|ARTS AND ENTERTAINMENT
Battle of the band bandits
By Dan Yurman
Following in the footsteps of the great battles of history, the Fine Arts Festival's Battle of the Bands was held at the Wave on Tuesday. And while each band brought their own unique style, they were all fighting for the same spoils of war a fully recorded, mixed and mastered six-song EP to call their own.
The first band to charge the stage was Plumcake Ceremony. Influenced by Led Zeppelin, The Beatles and Tool, this energetic power trio was led by lead guitarist and vocalist Kevin Grover, who's Jimmy Page-style guitar and Kurt Cobain-sounding voice gave his band a great sound. The real driving force behind Plumcake Ceremony, however, was provided by bassist Chris Lewis. His slap bass ability was fantastic and the deep sound of his bass gave Plumcake Ceremony its sweet sound.
The second band to battle it out was Grassy Knoll Assasins. This hard rock foursome relied on its humourous lyrics (one of their songs is entitled "Jerry Springer") and original sound to give it the competitive edge. While these worked well, it was lead guitarist Mike Hamer's psychedelic sound that shined. Citing Pink Floyd and blues guitarists as his influences, he was able to distort his guitar and create a very appealing sound.
After the Assasins shot off the stage, Elenor's Chair sat in the spotlight for a set. Armed with two singers, this power trio used them quite effectively, letting upbeat and whimsical lead vocalist Chris Egan begin the show, then allowing dark and mystical lead guitarist Pat Talmer to exercise his vocal chords. This contrast in moods worked well and allowed the audience to experience both sides of this talented band.
When Elenor's Chair got up to leave, Bomb 32 dropped onto the stage. This Rage-Against-The-Machine-style band brought with it the key ingredient to success in battle; experience. They were as professional as they were talented, with lead vocalist Matt Kinna engaging the audience in callbacks, providing them with some comedy in between songs, refering to his band as the "Spice Boys" and generally exhibiting a great rapport with the crowd. The band was also very aware of their own appearance, providing a wide esthetic spectrum. Kinna, whose appearance was marked with a shaved head and a metal chain dangling from his waist, was countered with bassist Richard Humpartzoomian's conservative look, clad in slacks and a collared shirt. They appealed to everyone in the crowd and the applause they received at the end of their set verified this.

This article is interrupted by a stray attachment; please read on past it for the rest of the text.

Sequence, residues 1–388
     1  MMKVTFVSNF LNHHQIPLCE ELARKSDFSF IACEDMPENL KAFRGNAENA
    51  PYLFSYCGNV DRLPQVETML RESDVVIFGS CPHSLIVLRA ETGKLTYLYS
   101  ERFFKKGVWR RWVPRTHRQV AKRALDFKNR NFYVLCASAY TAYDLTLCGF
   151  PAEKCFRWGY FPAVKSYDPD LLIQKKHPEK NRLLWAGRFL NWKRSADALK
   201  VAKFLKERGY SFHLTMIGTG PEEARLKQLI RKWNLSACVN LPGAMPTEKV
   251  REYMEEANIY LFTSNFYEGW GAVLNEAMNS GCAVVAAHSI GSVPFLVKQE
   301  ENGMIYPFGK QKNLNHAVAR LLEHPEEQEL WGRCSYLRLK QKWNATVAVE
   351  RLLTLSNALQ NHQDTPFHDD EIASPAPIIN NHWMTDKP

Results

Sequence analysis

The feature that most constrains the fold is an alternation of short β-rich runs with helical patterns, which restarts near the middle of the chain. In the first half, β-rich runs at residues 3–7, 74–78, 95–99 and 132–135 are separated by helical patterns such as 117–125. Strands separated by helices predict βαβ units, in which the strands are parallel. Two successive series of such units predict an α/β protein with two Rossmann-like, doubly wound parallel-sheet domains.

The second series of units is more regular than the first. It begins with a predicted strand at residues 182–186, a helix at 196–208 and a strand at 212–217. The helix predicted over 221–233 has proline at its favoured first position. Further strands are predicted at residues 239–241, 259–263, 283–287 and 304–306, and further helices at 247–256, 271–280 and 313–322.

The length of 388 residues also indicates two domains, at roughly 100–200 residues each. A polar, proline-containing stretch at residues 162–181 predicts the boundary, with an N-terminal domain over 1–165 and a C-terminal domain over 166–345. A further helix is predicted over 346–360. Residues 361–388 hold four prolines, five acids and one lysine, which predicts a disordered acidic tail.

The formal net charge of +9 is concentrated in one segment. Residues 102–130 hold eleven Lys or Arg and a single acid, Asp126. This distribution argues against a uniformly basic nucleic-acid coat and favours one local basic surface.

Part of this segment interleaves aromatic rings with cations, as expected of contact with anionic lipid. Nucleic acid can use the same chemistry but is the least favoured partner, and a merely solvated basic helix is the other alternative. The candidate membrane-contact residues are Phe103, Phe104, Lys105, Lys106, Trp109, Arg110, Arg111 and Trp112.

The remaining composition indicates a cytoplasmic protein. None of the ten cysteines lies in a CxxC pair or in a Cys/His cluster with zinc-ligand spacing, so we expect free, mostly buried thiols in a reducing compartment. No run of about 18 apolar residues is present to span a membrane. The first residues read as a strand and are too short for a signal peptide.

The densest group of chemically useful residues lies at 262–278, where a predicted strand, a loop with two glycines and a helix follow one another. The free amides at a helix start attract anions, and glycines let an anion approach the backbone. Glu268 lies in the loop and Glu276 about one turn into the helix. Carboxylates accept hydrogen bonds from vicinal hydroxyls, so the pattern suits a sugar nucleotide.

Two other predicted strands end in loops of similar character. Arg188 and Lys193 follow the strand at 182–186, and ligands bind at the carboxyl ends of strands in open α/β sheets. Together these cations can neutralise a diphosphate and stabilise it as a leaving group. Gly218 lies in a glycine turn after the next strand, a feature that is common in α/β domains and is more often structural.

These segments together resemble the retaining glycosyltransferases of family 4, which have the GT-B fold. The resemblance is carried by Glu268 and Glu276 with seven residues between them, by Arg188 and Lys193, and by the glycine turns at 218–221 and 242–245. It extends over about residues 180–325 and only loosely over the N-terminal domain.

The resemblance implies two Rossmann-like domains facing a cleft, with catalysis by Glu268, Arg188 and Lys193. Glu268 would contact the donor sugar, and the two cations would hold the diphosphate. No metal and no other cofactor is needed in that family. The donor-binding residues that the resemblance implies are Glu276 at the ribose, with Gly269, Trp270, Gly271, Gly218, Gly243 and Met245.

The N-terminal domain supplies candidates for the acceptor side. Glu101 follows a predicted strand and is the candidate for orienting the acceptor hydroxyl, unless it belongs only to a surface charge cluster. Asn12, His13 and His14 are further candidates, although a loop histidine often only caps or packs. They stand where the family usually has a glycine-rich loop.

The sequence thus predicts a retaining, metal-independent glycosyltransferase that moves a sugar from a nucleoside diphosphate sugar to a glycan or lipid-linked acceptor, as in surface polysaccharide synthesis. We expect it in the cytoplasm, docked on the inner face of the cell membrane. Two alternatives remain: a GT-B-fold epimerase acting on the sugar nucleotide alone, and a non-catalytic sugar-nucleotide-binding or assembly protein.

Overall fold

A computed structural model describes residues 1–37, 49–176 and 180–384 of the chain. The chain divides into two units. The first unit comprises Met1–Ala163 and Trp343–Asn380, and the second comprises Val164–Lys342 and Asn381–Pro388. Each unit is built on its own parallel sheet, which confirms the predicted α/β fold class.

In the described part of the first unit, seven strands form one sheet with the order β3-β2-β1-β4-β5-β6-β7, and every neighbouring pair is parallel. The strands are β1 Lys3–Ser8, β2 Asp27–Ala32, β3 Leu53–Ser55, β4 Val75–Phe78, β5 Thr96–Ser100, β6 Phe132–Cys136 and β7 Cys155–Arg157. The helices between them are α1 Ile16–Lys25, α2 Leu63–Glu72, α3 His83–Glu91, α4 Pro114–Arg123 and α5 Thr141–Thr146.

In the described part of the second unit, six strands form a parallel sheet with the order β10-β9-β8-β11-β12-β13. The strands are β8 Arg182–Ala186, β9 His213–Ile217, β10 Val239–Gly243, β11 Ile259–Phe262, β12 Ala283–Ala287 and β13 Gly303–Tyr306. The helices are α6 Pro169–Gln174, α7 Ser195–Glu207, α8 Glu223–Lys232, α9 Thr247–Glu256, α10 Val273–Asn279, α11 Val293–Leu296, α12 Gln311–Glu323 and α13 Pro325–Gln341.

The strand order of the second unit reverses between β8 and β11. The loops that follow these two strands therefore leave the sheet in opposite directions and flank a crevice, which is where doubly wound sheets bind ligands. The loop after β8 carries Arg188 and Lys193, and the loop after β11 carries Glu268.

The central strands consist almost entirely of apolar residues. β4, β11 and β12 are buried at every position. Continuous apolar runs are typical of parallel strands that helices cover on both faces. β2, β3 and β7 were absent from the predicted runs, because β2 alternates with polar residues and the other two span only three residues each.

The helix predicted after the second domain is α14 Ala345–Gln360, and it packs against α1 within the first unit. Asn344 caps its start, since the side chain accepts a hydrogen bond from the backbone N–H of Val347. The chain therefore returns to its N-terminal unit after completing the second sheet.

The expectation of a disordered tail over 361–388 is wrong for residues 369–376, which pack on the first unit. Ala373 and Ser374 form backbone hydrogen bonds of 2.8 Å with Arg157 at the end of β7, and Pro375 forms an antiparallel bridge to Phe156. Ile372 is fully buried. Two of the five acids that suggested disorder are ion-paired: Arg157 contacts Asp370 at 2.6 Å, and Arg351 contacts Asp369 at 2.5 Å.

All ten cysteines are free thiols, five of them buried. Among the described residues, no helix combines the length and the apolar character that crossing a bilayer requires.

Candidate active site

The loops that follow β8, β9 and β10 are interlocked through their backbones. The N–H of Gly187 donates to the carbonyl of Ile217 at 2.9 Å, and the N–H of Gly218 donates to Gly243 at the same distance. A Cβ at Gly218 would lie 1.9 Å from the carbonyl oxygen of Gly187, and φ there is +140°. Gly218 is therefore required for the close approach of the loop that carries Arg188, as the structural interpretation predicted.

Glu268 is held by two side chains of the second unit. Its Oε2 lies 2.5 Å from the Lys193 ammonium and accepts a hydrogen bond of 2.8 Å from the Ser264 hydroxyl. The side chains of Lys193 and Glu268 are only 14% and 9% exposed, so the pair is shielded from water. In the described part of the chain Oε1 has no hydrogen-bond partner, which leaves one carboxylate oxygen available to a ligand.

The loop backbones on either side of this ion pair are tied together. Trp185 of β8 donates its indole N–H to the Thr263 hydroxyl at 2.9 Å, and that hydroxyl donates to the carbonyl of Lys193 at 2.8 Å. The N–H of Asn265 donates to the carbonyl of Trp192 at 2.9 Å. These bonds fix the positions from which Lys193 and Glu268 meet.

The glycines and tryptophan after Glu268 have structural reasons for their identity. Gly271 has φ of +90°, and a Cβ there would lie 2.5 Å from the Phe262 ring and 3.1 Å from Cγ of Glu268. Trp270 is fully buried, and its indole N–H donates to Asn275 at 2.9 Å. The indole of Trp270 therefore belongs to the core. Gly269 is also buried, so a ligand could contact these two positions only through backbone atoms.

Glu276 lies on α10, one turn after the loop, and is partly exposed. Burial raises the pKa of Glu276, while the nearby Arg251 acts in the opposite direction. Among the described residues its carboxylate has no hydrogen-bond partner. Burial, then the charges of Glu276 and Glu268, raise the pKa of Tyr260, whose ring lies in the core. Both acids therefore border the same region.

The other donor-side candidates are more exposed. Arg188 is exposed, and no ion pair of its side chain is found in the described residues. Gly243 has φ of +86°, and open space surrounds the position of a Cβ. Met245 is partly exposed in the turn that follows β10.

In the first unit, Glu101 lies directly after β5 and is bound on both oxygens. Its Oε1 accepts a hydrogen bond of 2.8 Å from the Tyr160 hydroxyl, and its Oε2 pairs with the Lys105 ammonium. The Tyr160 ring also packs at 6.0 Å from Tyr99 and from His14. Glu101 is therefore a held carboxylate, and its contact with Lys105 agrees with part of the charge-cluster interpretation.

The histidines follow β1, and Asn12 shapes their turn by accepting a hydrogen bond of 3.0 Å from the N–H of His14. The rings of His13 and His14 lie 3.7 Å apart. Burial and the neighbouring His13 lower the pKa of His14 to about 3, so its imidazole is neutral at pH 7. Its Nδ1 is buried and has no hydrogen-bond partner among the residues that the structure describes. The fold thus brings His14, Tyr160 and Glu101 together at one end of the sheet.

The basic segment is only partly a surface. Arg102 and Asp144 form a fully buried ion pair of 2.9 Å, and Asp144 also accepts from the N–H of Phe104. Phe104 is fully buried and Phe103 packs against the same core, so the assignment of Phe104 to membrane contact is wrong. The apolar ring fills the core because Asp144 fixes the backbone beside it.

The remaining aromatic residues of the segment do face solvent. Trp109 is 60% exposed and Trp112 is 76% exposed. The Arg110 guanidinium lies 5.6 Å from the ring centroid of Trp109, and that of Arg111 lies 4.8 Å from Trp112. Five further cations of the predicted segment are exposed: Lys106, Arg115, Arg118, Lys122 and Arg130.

The next band to wage war at the Wave was Skyfish. Their secret weapon, a female singer, was a welcome change to the show. Jessica Lovett, the band's pianist and vocalist, played with the grace and talent of her influences Sarah McLachlan, Joni Mitchell and the Indigo Girls. Her keywork was nicely backed up by a power trio with a folky sound that is rarely heard but much appreciated. Skyfish's Dylan-Dire Straits sound was innovative and refreshing, putting the audience on cloud nine.
After Skyfish was sent swimming, the mood went from folk to funk as Ground South took front and centre. This '70s funk band influenced by James Brown and Jamiroquai, was fashioned with the saucy '70s sounds of guitarist and vocalist Eric La Marche and a be-boppin' brass section composed of a saxophone and a trumpet. While the band's songs contain very few lyrics, Mark Lynch's saxophone spoke volumes and got most of the bar up boogying.
When Grand South went north to the bar, the final act of the evening towed the front line. Strange Bargain, who were, without a doubt, the most energetic of the acts, took the audience on a virtual roller coaster, mixing the Steven Tyler-esque, demon-of-screamin' vocals of guitarist Ben Wilson with the strange, goofy and crazy antics of bassist and brother Matt. Their style and presence was unmatched, especially with their funkadellic cover of a tune from Andrew Lloyd Webber's Jesus Christ Superstar.
Unfortunately for all these terrific bands, in a battle there can only be one winner and that was Bomb 32. All in all, it was a spectacular night where each band fought hard, played hard and most of all, partied hard.